Small USB DAC amplifiers called “stick type DAC” or “dongle DAC” are now attracting a lot of attention.
A few years ago, the headphone output was removed from the iPhone, and when some Android smartphones followed suit, low-priced models at the level of genuine accessories attracted attention. After that, the mainstream shifted to Bluetooth wireless products such as TWS (completely wireless earphones).
However, in recent years, not only downloads but also streaming music/video distribution has been enhanced, and an environment where music can be enjoyed with higher quality sound than ever before is required. When it comes to sound quality, unfortunately, wired earphones still have an advantage over wireless in the current situation. In addition, many people are concerned about wireless delays and sound interruptions, and the fact that stick-type DACs have met these needs has become a point of increased attention.
In fact, the latest stick-type DACs have quite good sound quality. High-end models are equivalent to a dedicated DAP (digital audio player)! ? That’s what I feel. Nevertheless, many of them are small in size, and since they become part of the cable, they hardly get in the way. Furthermore, from low-priced models to high-priced models that are particular about sound quality, products with a wide range of price ranges and functionality are available, which is also part of the excitement of this product genre. People who want to use their own wired earphones or want a product that is as compact as possible (thin enough to feel like a part of a cable) should choose a low-priced model, while those who want a sound quality that can replace a single DAP should choose a high-end model. There are products that meet various needs.
The other day, when I appeared at an event held at a consumer electronics retail store, I arranged stick-type DACs side by side in my booth so that I could listen to them for comparison. It never happened. In addition to convenience and good sound, the ability to meet a wide range of needs can be said to be a feature of the latest stick-type DACs.
Of course, the stick type also has disadvantages. First, it drains your smartphone’s battery. Of course, stick-type DACs also care about the amount of power they consume, so they don’t put an excessive burden on smartphones, but it’s also true that the battery life (of smartphones) will decrease. However, in the current situation where large-capacity mobile batteries are available at a reasonable price, it seems that people do not care much about battery consumption at the previous event.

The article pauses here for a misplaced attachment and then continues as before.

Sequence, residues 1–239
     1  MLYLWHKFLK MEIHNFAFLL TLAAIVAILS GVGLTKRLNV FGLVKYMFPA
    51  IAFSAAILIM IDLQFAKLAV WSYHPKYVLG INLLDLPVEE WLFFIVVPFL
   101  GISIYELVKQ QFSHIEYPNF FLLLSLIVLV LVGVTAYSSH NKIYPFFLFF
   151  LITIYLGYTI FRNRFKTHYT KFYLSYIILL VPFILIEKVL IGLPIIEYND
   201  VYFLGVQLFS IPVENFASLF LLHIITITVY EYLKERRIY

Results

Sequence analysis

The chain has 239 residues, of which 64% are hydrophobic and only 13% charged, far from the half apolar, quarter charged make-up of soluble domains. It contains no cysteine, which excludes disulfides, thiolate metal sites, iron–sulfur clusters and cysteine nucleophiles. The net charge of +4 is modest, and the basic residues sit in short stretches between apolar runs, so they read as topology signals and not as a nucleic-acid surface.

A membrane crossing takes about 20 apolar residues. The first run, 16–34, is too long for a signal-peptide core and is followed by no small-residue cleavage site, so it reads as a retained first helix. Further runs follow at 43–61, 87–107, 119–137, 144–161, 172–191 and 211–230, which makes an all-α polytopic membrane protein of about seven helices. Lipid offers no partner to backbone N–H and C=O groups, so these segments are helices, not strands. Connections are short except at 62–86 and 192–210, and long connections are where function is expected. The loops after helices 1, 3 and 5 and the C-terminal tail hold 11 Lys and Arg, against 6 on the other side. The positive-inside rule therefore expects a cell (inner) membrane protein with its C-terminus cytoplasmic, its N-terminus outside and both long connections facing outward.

Another issue is the price. Among the expensive models, there are some that you can get a standalone DAP with Android OS if you put out another 10,000 to 20,000 yen. In this area, preference is divided between convenience and sound quality.
So, in this article, I would like to introduce mainly the latest products from among the many stick-type DACs. By the way, we used Xiaomi “Mi 11 Lite 5G” and Apple “iPhone SE (2nd generation)” as smartphones for playback.
1. Astell&Kern “AK HC2”
A model that makes use of the technology unique to popular DAP manufacturers. Equipped with a dual DAC configuration that uses two Cirrus Logic DAC “CS43198” independently for the left and right, for a total of two, it is internally equivalent to a DAP, allowing you to enjoy high-quality sound and up to 384kHz/32bit. It also supports high-spec high-resolution sound sources such as linear PCM and DSD up to 11.2MHz. Headphone output is 4.4mm balanced only. Android smartphones also have an “AK HC” app that allows you to finely adjust the volume.
sound quality impression
It certainly sounds like the DAP quality that the manufacturer claims. Tonal characteristics such as high frequencies with a firm edge and a sense of speed, slender midrange, and solid and extruded low frequencies share the same image as the company’s DAP. The female vocal sounds a little husky and mature. I especially enjoyed working with Sarah Ólainn. As for the male vocals, I felt that Earth, Wind & Fire songs were very attractive due to the good groove feeling and the good matching of the band balance that felt the center of gravity was low. The driving force was sufficient, and the Audio Technica headphone “ATH-ADX5000” was sounding well.
Size: 22.8 x 60 x 12.1mm (excluding cable)
Weight: Approx. 29g
Input terminal: USB Type-C (USB Type-C to Lightning conversion connector included)
Output terminal: 4.4mm Balance
compatible Sampling rate: PCM 384kHz/32bit, DSD256 (11.2MHz/1bit)
2. Audirect “ATOM MINI”
One that features a compact and lightweight body with an integrated cable that weighs only 8g and is easy to handle. In terms of style, it is a cable type equivalent to the genuine one, but the ESS company’s “ES9280AC PRO” is selected for the DAC chip, and the output of the headphone amplifier is also carefully selected to achieve exceptional sound. In terms of specs, it has quite high specs such as supporting linear PCM up to 768kHz/32bit and DSD sound source up to 22.4MHz. There are two types, Type-C model and Lightning model, depending on the type of smartphone terminal.
sound quality impression
Clear sound with little distortion. The timbre is very natural and pleasant to listen to. It is also a good impression that the vocals feel like a real singing voice. On the other hand, the resolution is not so high and the sound field spread is not so large, so it may be “not good enough” to play back high-resolution sound sources, but the distribution service system and CD quality are not so good. It is an image that can be enjoyed without color. Considering the price, it has sufficient quality, and on the contrary, this sound is very attractive for this size.
input terminal: USB Type-C / Lightning (depending on model)
Output terminal: 3.5mm single-ended
Sampling rate: PCM 768kHz/32bit, DSD512 (22.4MHz/1bit)
3. iBasso Audio “DC05”